When I was a kid, I was a bit of the daring type. I’ve been told stories of myself, getting caught playing balance beam on a 2nd story deck railing, wandering off and requiring a search party of a dozen people at the campground (they found me, having turkey dinner with the park owner’s family), and numerous bicycle and snowboarding feats gone terribly wrong.
I can’t pinpoint when risk aversion crept into my psyche, but it has been especially prominent in my professional life. In digital marketing, that isn’t always a bad thing. With Google handing out more slaps than Moe, Larry and Curly, it is usually a good idea to walk on the side of caution.
Yesterday, I was browsing a discussion in a forum for online business regarding an interview Pat Flynn did with an SEO who made some, in my opinion, poor recommendations and definitely came in more on the black hat side of the spectrum. To Pat’s credit, he followed the video with his own thoughts on what the SEO shared and definitely didn’t endorse his tactics (you can also see the look of bewilderment at times on Pat’s face during the interview).
However, the video did unearth some common misconceptions and questions in the forum, and all that black hat talk made some folks nervous about doing any SEO or link building for their site. While some tactics are certainly dangerous, total inaction can be dangerous in its own right.
I posted these rules of thumb for safe link building in the topic thread but I decided to also share them here. By keeping these in mind while you perform link building, you are essentially future-proofing yourself from unforeseen search engine penalties further down the road and positioning yourself for long term success, as opposed to the short term gains enjoyed by black hats and spammers.
1. If a link requires little to no effort to obtain, it is most likely useless and/or dangerous.
You know the old saying “If it were easy, everyone would do it!” Well, these links are easy, and everyone is doing it—which is exactly what makes them worthless. Included in this are directory sites with thousands of pages of nothing but links, which require 10 seconds to submit your site to.
Additionally, the easiest links to obtain are nowadays nofollowed by default (meaning, rel=”nofollow” is appended to the link code, which essentially tells search engines not to pass any value through that link), so comment spam on blogs and forums is a pretty fruitless (and annoying) activity.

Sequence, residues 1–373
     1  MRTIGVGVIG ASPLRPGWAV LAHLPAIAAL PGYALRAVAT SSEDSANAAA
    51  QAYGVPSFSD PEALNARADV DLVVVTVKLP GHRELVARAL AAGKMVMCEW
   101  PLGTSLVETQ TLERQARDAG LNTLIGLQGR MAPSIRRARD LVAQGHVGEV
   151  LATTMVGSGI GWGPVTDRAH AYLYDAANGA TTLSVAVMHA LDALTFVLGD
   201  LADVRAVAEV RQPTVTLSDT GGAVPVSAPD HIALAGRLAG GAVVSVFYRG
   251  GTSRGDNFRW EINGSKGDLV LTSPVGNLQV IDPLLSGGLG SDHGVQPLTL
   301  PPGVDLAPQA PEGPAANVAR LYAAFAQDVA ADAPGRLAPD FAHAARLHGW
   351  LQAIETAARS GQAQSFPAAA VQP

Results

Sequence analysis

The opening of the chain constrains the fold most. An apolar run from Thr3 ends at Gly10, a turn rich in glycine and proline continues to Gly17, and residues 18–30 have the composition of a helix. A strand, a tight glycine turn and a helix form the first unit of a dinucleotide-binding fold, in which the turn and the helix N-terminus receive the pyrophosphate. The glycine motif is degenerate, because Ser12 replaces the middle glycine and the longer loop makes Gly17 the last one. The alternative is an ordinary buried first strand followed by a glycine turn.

These quick and easy links are also likely to bite you in the ass. Say you find a way to get a bunch of easy links—being human beings, you’re going to snag them all, right? Before you know it, you have a link profile that is 90% shit, and search engines will take notice. Suddenly, those links have quite an opposite effect on your rankings as you intended.
2. Only pursue links that users will actually find useful and click on.
I’ll use directories in another example. Do you really think people think “Gee, I really need to find a new pair of sunglasses, I should visit freecrappylinksdirectory.com and navigate six levels deep to find some sunglasses sites!” Nobody is actually using those sites and therefore those links are shit.
Every day, one of my sites is bombarded with users setting up fake profiles so they can post statuses (which are nofollowed, by the way) linking to their cheap Louis Vuitton bag site or fake Rolex site. The site is about baseball. ‘Nuff said.
Seek out link opportunities where you feel users will be glad they found the link, because it provides value. The best example is a link within an article. Someone reading about a topic of interest and at a certain point they reach your link, which provides deeper context into a specific aspect of the topic. *click*
Useful links take many forms, whether it is a citation, an interesting image or graphic, a promotion or even a reputable directory, such as your local Chamber of Commerce website or well-known industry directory.
3. If a link requires pulling out your wallet, don’t do it.
This isn’t just reserved for people paying for directory links, paying bloggers to post links, exchanging physical goods for a links, etc., it also includes some even shadier tactics, such as buying dying sites and pointing links on them towards your primary site, which was recommended by the SEO in Pat Flynn’s interview. Little is known about how well Google can detect things like this at present but considering how fast search engines are advancing, it certainly isn’t a safe long term strategy.
When I quit the major time-suck that is known as Reddit, the first thing I did was bury the bookmark in a couple folders, so I could no longer mindlessly click on it and would instead notice what I was doing before I got there. Next time you’re working on link building and you pull out your wallet, then your credit card and begin to fill in information…well, there should be plenty of opportunities to catch yourself.
I’ve summarized several best practices and tactics into three simple rules of thumb, but in case you needed it more simplified I’ll put it into one: Use good judgement. Seriously, folks, most of us have some sort of moral compass, so reference it often and ask yourself if a reasonable, ethical person would do what you’re doing.
There’s countless posts out there on great linking building opportunities and what you should avoid, but applying these rules of thumb to your link building activities should protect you from 99% of what Google dishes out in the future. Google wants to serve the most relevant web pages in search, and these tactics ensure you’re only seeking out relevant links.
That said, I think I’m going to go do something risky. Not sign up for any article spinning software or anything like that—I’m not that stupid—but maybe ride through a black diamond mountain bike course without a helmet or something.